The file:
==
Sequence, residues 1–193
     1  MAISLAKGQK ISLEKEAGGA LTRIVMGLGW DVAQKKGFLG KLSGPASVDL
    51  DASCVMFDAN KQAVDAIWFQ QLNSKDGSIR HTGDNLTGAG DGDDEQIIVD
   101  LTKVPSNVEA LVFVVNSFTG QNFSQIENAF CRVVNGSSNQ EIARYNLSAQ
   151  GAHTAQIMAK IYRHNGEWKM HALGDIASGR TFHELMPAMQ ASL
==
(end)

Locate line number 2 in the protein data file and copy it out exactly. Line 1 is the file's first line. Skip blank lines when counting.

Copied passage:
     1  MAISLAKGQK ISLEKEAGGA LTRIVMGLGW DVAQKKGFLG KLSGPASVDL